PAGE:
Group decision-making continues to be of paramount importance to organizations, both large and small, but which emotions drive group members to work together and how do such emotions impact on the decisions made? In this research, over 100 managers from three multinational organizations, all of whom had been placed in an environment in which to make high-level managerial decisions, were studied to determine what were the influencing emotions that impacted on group dynamics and how such emotions contributed to the overall outcome.
Emotions are rarely studied in relation to group decision-making. Yet, in teams, a variety of emotions are evident and affect the decision-making process. Using data from 20 simulated companies run by a total of 106 managers attending executive education programs, the current research examined to what extent four classes of emotions - achievement, approach, resignation, and antagonistic - were related to team decision-making processes (alternative generation and alternative evaluation), and to team cohesion. Findings showed consistently over time that intense levels of achievement, approach, and antagonistic emotions were negatively related to group decision-making processes. Resignation emotions, which were not reported with high levels of intensity in this research, yielded a positive relationship with team cohesion.
Emotions affect decision-making processes and relationships among individuals: negotiating partners with a high anger level not only achieve fewer joint gains but also impact on the partners’ desire to work with each other in the future. However, anger is not the only emotion that decision-makers can experience. Despite recent efforts to study various forms of collective affect and their influence on organizational processes, very little empirical work has been done on collective emotion in relation to team decision-making processes. The purpose of my research was to address some of these identified gaps in organizational research and to examine the extent to which emotions are related to decision-making processes in management teams. I examined alternative generation, and alternative evaluation, and team cohesion - a group process by which members commit to team decisions while enjoying working with others.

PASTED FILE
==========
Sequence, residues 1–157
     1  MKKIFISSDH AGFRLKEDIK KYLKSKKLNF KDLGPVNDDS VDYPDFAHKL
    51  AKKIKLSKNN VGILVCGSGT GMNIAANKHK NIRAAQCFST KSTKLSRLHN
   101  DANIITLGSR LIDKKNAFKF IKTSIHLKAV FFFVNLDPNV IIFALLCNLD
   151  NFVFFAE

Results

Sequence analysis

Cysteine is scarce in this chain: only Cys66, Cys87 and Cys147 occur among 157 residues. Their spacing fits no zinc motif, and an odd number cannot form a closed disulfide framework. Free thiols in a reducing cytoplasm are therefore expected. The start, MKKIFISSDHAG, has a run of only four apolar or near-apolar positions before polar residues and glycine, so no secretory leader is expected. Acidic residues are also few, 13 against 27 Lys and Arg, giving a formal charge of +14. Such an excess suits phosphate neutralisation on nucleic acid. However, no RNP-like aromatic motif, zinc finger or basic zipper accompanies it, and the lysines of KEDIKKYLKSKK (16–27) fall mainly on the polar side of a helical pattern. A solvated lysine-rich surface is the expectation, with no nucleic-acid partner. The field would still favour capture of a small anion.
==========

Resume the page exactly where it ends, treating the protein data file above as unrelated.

The use of teams in organizations has become more prevalent as more and more strategic decisions require team decision-making, given the high stakes involved. Nevertheless, both advantages and disadvantages of team decision-making have to be considered. Decisions made by teams are thought to be advantageous for at least two reasons: the pooling of knowledge, expertise, and skills; and the commitment to the team and to its decisions (i.e. team cohesion). First, the pooling of knowledge, skills, and expertise is critical to the quality of decisions taken by teams. Second, it has been argued that team members have a greater propensity to support group decisions if they participated and are listened to, thus reinforcing the commitment to present and future decisions. These decisions, taken and accepted by all members, have a better chance of being successfully implemented.
However, the advantages may become disadvantages. The diversity of perspectives, skills, expertise, opinions, and status has to be integrated, which can lead to dissent, disagreement or conflict among team members. Although conflict in itself is presumed to help decision quality, it can be detrimental, especially if group members get involved in disputes which are taken personally. Team members are confronted with uncertainty and ambiguity, which can be a source of stress. In turn, stress and autocratic leadership in a highly cohesive group that feels invulnerable can provide antecedents for “groupthink” (i.e. defective decision-making). The group members favour unanimity above the realistic assessment of alternatives, thus suffering momentarily from a deterioration of mental efficiency, reality testing, and moral judgment.
Despite these possible drawbacks, group decision-making is considered as one of the more important aspects of group performance. The processes usually involved are gathering and sharing information, creating and identifying alternative courses of action, choosing among these alternatives by integrating the diverse perspectives of members, and implementing the decisions.
The particular focus of my research is strategic decision-making observed in a naturalistic decision-making framework. This is characterized by ill-structured problems, uncertainty, dynamism, the shifting of competing goals, time stress, high stakes, multiple players, and organizational goals and/or norms. A strategic decision is defined as an important decision that deals with complex and ambiguous issues and requires a significant commitment of resources from the organization. The complexity and ambiguity surrounding a strategic decision is usually too overwhelming for one person to deal with, thus strategic issues are often handled by top management teams. Interestingly enough, most of the 20 self-managed teams in the study selected an arbiter of their decisions who was most often called the CEO.
Two main decision-making processes were identified: (a) the generation of alternatives, which represents the more creativity-oriented process; and (b) the evaluation of alternatives, which represents the more analytical dimension of decision-making. One group process was selected, namely team cohesiveness, which contributes to the acceptance and commitment to the decision by all team members.